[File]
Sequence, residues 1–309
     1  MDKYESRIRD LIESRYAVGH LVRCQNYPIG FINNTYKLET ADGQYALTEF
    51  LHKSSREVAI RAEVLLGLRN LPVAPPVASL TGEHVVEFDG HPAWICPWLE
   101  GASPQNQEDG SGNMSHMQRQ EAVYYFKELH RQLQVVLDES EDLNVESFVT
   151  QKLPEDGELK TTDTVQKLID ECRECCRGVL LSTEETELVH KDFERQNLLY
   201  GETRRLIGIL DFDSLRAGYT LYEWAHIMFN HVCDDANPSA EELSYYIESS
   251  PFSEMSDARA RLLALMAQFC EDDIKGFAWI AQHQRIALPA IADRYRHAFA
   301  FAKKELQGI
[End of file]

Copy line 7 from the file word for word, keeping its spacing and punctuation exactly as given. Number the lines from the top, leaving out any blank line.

   251  PFSEMSDARA RLLALMAQFC EDDIKGFAWI AQHQRIALPA IADRYRHAFA